Tales Our Housework Tell Part 1 of 2

I think it’s important to talk about housework and the skill of home management, because it occupies such an important part of the time, and the lives of many. And also because it’s a hidden, secret place to those who have never done it.

Often unappreciated or looked down on, by a materialistic society that has, it sometimes seems, forgotten the impact of intelligent and capable home management on harmony within the family. And on the family health – physical, mental as well as emotional.

I write this post as a full time piano teacher with flexible working hours that give me time to be a homemaker. I actually work the same hours I did earlier when I had a corporate career, except that I now have no commute. Being self-employed gives me the freedom to work at timings that suit me and it has had a very positive impact on our ability to have family time and slow down the pace of todays busy life to the extent we need.

I’ve tried to be as clear and precise as I can with the time we need for chores, but I know I have not been as precise as I should be. I still thought it was writing this post, to throw some light on what home management and housework is. And the value that it creates for society.

So I hope you’ll be kind and forgive me for inaccuracies.


What parts of home management are not included here

  • Paperwork and bills.
  • Time on household and appliance repairs – done ourselves or outsourced.
  • Time spent on childcare, education and parent-child activity and interaction – that is associated with raising independent well-behaved children with a practical, as well as formal education.
  • Time spent on family commitments which might include any or all of the items of home management in this post.
  • Time spent being a caregiver for family members.
  • Stress saved with home-made cleaning and personal care products. They take some prep-time, but have reduced the weight and number of items I had to carry in groceries substantially, so I’m a lot more relaxed when shopping and spend less time on it. Time wise I’d say it’s not much of a difference.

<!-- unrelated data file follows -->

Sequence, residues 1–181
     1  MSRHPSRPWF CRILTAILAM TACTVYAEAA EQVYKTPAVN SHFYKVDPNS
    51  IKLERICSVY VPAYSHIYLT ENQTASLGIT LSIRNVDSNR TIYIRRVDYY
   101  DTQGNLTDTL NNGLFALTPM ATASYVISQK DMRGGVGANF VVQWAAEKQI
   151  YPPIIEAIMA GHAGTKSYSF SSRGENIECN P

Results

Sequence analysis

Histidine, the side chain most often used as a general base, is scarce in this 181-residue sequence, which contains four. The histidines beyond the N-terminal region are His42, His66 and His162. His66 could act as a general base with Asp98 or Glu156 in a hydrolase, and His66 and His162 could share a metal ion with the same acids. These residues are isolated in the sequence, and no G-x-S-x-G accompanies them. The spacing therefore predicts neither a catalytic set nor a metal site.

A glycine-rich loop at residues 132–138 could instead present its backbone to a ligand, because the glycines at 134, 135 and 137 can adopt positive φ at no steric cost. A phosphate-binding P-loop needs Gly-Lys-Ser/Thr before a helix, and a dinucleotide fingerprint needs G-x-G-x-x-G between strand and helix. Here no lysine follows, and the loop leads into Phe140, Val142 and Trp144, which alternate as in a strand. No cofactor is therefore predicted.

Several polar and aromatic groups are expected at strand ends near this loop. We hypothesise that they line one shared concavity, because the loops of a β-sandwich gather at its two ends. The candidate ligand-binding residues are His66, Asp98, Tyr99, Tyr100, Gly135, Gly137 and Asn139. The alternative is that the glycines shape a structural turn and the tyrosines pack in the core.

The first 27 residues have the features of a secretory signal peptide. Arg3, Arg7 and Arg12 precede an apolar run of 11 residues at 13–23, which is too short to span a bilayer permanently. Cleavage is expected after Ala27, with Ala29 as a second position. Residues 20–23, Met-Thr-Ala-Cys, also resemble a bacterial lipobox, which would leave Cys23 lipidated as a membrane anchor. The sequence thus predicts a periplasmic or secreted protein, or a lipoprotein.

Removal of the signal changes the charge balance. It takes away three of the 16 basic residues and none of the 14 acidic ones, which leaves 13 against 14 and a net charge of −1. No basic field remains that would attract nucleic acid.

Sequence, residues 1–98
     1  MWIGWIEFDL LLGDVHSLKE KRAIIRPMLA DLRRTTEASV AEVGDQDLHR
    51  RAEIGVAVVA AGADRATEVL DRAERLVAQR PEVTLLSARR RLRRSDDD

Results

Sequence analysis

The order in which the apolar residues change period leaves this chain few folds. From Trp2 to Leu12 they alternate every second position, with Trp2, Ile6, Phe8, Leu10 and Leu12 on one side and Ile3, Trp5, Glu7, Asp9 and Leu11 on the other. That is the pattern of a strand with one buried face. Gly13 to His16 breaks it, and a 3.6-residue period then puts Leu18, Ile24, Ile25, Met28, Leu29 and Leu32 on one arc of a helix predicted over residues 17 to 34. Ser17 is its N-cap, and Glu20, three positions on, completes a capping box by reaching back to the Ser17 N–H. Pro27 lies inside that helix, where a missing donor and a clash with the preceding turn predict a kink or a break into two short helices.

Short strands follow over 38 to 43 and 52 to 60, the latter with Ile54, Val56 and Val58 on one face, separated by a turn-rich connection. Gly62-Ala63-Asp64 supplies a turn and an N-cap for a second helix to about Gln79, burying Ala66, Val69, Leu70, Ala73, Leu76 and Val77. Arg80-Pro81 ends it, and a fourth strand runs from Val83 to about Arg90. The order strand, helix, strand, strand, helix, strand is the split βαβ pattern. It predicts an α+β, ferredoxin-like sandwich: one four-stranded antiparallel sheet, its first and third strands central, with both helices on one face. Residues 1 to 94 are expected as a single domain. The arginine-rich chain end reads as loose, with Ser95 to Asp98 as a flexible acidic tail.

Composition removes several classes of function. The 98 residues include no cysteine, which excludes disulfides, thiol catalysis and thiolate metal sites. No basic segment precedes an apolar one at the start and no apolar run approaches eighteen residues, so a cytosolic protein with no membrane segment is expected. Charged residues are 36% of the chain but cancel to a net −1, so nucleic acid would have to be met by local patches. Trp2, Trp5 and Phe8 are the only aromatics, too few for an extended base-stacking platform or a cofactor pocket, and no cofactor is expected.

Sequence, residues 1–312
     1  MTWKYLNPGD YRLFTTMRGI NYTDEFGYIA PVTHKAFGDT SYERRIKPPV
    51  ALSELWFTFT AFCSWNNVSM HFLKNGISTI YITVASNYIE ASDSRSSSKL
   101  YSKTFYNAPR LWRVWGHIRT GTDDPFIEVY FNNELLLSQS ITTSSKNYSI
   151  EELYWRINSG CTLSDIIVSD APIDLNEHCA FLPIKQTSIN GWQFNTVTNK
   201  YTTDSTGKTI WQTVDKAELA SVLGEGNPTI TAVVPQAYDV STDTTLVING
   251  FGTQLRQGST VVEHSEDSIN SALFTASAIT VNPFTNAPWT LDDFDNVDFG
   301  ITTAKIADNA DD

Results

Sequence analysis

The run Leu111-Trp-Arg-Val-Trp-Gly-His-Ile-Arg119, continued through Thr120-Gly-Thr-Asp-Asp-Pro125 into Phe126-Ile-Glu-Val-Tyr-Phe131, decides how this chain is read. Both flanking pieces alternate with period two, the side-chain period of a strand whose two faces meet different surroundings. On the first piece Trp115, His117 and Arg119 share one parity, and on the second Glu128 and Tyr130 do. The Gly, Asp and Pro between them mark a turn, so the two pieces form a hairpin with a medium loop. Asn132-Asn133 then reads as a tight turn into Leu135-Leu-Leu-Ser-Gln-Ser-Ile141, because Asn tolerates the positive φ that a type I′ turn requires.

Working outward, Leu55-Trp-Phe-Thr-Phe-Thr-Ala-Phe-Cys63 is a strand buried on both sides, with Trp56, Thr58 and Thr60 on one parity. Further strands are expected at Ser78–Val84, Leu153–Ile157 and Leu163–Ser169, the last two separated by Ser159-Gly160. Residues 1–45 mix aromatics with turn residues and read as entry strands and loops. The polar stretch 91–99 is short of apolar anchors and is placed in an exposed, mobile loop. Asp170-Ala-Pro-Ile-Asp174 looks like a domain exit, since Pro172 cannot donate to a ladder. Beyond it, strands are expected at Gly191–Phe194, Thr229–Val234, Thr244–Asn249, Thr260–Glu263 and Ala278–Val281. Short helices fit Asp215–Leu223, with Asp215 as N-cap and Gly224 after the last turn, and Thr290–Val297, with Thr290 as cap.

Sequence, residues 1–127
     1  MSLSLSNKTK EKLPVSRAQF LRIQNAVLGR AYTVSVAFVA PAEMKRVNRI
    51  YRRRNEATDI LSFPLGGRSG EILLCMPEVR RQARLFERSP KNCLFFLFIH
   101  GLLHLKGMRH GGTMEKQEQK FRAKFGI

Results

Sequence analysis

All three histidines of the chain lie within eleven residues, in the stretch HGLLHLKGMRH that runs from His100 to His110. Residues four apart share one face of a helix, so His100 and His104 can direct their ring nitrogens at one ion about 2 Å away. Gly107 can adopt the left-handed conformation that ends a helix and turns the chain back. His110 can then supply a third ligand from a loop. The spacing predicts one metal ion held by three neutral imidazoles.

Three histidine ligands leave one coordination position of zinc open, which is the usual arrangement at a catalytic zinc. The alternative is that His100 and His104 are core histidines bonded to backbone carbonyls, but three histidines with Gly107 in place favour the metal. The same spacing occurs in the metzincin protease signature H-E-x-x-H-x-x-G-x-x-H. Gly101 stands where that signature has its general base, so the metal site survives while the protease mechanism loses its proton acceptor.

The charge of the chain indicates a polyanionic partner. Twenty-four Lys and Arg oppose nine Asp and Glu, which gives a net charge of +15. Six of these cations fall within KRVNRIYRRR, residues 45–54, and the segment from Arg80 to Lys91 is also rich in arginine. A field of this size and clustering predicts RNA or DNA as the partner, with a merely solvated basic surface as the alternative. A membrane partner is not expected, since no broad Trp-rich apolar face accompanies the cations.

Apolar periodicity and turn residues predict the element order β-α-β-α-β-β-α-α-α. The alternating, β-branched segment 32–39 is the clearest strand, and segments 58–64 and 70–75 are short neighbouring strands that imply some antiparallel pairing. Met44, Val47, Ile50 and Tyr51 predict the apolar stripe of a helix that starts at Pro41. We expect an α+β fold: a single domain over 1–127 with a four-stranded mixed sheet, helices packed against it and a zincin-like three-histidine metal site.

• Who does the work isn’t factored in here. It’s just an assessment of the work that needs to be done. Maids are quicker at house work than I am but then, we organize and tidy our stuff before the maid arrives. Family, on the other hand, organizes while cleaning. So I think both take the same time.

We don’t have children, so I’ve skipped childcare.

For the other points above – it was really difficult for me to plot these aspects of home management over time, so I’ve left them out.

My Thoughts: The commitment to look after children and elderly might arise from love and caring, but IS very much an activity that takes an investment of time, effort and even skill and knowledge of the right kind of family activity – a walk, a game, a reading session, etc.

These are activities, that outsourced, are only as important as the content of the activity.

In the hands of a parent, they provide value over and above the activity as they provide a medium and time for family bonding. This added value is covered below, under ‘What is not housework’.

What is not housework

There has been some discussion on housework and home management on social media and it’s generated some confusion. I see that people confuse acts arising out of personal relationships, love, affection and caring with activities needed for the home and family to operate smoothly.

So, I’d like to be clear. Personal interactions and relationships are not home management. Therefore, they just don’t figure here.


Continued in my next post Tales Our Housework Tell Part 2 of 2

This second post plots changes our housework over the 22 years of our marriage. The events which drastically increased home chores. And those which brought tremendous ease.

Published by Anitaelise

Piano Teacher, Poet, Relaxed Housekeeper & Blogger

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